The problem is so trivially solved that there's almost no product to build. But people want to build something to solve it, so they build a much more complicated solution that can be configured to solve any potential database migration scenario, regardless of whether anybody in history has ever needed to handle that scenario.
Here's how you actually version databases:
alter table buns add column seed_count int
update version_number set version = 31
Extra points for building the tool that spins through all the files in source control and executes the ones that come before the current version_number on the server in question. And for automatically creating a change_0031-0032.sql file for the next guy to use (with that update line pre-filled.)
You'll be hard pressed to spend an entire day building this, but sadly nobody does. Everybody downloads some overcomplicated monstrosity like the one in the article that describes changes in XML and whatever else. Then spends two days fiddling with config files to get it working.
I'd give up complaining about it if I didn't keep ending up working with shops that use stuff like this.
Sure but as with just about any problem in this space, the first 80% is the easy part and the final 20% will occasionally just flat out kill you.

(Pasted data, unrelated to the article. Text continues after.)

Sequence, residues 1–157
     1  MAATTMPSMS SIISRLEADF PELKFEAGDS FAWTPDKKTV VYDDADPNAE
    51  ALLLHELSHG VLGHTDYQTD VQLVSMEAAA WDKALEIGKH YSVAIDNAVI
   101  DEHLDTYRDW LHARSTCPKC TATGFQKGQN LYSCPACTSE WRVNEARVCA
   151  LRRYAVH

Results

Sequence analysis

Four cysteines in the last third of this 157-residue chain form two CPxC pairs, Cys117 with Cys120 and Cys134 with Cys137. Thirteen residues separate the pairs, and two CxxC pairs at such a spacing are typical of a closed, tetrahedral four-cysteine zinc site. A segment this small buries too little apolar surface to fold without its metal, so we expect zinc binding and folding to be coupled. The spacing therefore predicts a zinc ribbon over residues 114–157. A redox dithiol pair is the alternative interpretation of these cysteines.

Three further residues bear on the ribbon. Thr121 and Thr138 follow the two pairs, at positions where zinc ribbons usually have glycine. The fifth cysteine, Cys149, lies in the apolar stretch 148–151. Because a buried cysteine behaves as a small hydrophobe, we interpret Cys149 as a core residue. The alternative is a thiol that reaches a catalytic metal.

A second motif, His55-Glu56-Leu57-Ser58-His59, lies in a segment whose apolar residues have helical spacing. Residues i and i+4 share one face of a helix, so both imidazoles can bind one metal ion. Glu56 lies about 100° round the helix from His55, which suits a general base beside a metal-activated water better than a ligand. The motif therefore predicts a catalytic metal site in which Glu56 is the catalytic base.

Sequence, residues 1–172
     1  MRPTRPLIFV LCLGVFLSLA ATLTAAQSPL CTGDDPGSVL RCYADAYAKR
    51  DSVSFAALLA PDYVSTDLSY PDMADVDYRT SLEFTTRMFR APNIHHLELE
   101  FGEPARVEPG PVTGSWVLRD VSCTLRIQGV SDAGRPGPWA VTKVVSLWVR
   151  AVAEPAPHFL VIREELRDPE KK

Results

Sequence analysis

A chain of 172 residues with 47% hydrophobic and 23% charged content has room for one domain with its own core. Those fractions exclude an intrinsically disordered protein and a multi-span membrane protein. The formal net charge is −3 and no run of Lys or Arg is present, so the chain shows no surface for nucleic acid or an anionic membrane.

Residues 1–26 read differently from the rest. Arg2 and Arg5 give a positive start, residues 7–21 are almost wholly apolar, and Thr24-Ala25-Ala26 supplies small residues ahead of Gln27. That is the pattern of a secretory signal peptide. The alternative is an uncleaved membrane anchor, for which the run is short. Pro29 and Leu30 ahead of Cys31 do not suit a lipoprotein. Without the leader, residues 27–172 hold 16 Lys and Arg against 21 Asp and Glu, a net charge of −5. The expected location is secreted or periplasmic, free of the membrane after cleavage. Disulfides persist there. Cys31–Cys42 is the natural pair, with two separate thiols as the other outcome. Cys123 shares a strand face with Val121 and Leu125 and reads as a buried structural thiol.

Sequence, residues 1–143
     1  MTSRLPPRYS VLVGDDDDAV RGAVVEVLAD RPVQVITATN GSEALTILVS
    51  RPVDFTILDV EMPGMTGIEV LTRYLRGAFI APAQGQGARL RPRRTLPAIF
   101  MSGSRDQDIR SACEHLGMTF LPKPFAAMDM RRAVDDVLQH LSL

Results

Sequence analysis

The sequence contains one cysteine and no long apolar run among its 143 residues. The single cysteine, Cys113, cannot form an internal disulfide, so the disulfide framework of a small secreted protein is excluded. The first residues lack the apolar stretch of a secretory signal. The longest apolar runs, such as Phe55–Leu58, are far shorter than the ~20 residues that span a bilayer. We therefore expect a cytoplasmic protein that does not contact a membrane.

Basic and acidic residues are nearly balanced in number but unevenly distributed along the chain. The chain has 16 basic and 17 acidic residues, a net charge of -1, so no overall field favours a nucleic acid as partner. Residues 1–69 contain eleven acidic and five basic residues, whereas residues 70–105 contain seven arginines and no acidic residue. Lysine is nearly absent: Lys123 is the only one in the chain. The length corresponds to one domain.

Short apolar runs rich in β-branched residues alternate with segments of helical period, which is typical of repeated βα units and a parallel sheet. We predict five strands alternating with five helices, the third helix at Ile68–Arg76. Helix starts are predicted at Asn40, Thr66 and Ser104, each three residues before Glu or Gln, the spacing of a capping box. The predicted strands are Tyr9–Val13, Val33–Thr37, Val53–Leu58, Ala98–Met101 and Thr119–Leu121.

How do you handle versioning stored procedures and triggers? What if your dev envs don't use partitioning but your QA / prod envs do? How do you rollback? Perhaps you're using the expand-contract pattern to avoid the need for rollback, great, how do you manage the complexity of inflight (expanded) but not yet contracted changes?
For basic use cases you definitely don't need liquibase but there comes a point where something like flyway makes a difference without adding much complexity at all.
versioning stored procedures and triggers?
Procedures and the like get their own .sql files and live under source control like everything else. At build time, they all get blown away and rebuilt.
What if your dev envs don't use partitioning but your QA / prod envs do?
SQL still works though, right?
How do you rollback?
Nobody has ever needed to rollback. It's the scary ghost story that convinces people to build big ugly database build systems.